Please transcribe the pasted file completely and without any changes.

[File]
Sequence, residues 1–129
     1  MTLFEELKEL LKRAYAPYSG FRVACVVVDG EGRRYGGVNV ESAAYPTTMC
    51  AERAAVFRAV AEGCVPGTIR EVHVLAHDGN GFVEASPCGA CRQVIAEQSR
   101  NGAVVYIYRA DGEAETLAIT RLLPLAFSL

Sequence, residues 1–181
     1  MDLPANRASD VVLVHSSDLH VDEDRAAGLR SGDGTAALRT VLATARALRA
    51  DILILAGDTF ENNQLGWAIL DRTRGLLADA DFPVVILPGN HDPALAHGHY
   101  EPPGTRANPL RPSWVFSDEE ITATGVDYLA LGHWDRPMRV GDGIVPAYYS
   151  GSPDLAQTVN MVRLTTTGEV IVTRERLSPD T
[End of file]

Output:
Sequence, residues 1–129
     1  MTLFEELKEL LKRAYAPYSG FRVACVVVDG EGRRYGGVNV ESAAYPTTMC
    51  AERAAVFRAV AEGCVPGTIR EVHVLAHDGN GFVEASPCGA CRQVIAEQSR
   101  NGAVVYIYRA DGEAETLAIT RLLPLAFSL

Sequence, residues 1–181
     1  MDLPANRASD VVLVHSSDLH VDEDRAAGLR SGDGTAALRT VLATARALRA
    51  DILILAGDTF ENNQLGWAIL DRTRGLLADA DFPVVILPGN HDPALAHGHY
   101  EPPGTRANPL RPSWVFSDEE ITATGVDYLA LGHWDRPMRV GDGIVPAYYS
   151  GSPDLAQTVN MVRLTTTGEV IVTRERLSPD T